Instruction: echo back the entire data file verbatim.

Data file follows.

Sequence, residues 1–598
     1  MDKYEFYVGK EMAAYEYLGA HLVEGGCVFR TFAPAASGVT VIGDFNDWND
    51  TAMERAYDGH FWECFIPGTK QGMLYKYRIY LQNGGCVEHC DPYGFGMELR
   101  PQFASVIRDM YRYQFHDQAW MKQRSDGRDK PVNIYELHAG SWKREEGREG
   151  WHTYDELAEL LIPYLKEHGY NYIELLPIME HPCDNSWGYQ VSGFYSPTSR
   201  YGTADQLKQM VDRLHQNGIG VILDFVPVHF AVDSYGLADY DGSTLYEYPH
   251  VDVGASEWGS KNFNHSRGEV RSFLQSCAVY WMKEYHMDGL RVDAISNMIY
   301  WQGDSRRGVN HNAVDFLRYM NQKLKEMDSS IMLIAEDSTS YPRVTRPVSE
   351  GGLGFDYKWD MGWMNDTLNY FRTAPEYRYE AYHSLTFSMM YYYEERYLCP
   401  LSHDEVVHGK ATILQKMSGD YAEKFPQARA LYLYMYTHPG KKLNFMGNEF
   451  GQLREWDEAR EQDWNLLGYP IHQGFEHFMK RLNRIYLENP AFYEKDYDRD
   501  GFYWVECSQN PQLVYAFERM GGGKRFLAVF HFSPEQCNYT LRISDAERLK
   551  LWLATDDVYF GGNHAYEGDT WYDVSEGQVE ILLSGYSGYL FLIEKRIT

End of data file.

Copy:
Sequence, residues 1–598
     1  MDKYEFYVGK EMAAYEYLGA HLVEGGCVFR TFAPAASGVT VIGDFNDWND
    51  TAMERAYDGH FWECFIPGTK QGMLYKYRIY LQNGGCVEHC DPYGFGMELR
   101  PQFASVIRDM YRYQFHDQAW MKQRSDGRDK PVNIYELHAG SWKREEGREG
   151  WHTYDELAEL LIPYLKEHGY NYIELLPIME HPCDNSWGYQ VSGFYSPTSR
   201  YGTADQLKQM VDRLHQNGIG VILDFVPVHF AVDSYGLADY DGSTLYEYPH
   251  VDVGASEWGS KNFNHSRGEV RSFLQSCAVY WMKEYHMDGL RVDAISNMIY
   301  WQGDSRRGVN HNAVDFLRYM NQKLKEMDSS IMLIAEDSTS YPRVTRPVSE
   351  GGLGFDYKWD MGWMNDTLNY FRTAPEYRYE AYHSLTFSMM YYYEERYLCP
   401  LSHDEVVHGK ATILQKMSGD YAEKFPQARA LYLYMYTHPG KKLNFMGNEF
   451  GQLREWDEAR EQDWNLLGYP IHQGFEHFMK RLNRIYLENP AFYEKDYDRD
   501  GFYWVECSQN PQLVYAFERM GGGKRFLAVF HFSPEQCNYT LRISDAERLK
   551  LWLATDDVYF GGNHAYEGDT WYDVSEGQVE ILLSGYSGYL FLIEKRIT